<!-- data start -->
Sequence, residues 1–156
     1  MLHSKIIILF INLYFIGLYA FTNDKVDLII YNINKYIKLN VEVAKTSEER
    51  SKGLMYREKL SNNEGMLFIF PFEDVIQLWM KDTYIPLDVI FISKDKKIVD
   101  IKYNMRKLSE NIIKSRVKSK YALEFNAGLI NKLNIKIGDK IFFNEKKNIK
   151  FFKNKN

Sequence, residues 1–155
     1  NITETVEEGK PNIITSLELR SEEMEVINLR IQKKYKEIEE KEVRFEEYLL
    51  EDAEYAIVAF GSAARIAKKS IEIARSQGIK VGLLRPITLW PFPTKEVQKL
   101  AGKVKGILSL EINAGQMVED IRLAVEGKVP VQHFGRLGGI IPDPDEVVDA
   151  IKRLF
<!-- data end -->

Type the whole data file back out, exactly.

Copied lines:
Sequence, residues 1–156
     1  MLHSKIIILF INLYFIGLYA FTNDKVDLII YNINKYIKLN VEVAKTSEER
    51  SKGLMYREKL SNNEGMLFIF PFEDVIQLWM KDTYIPLDVI FISKDKKIVD
   101  IKYNMRKLSE NIIKSRVKSK YALEFNAGLI NKLNIKIGDK IFFNEKKNIK
   151  FFKNKN

Sequence, residues 1–155
     1  NITETVEEGK PNIITSLELR SEEMEVINLR IQKKYKEIEE KEVRFEEYLL
    51  EDAEYAIVAF GSAARIAKKS IEIARSQGIK VGLLRPITLW PFPTKEVQKL
   101  AGKVKGILSL EINAGQMVED IRLAVEGKVP VQHFGRLGGI IPDPDEVVDA
   151  IKRLF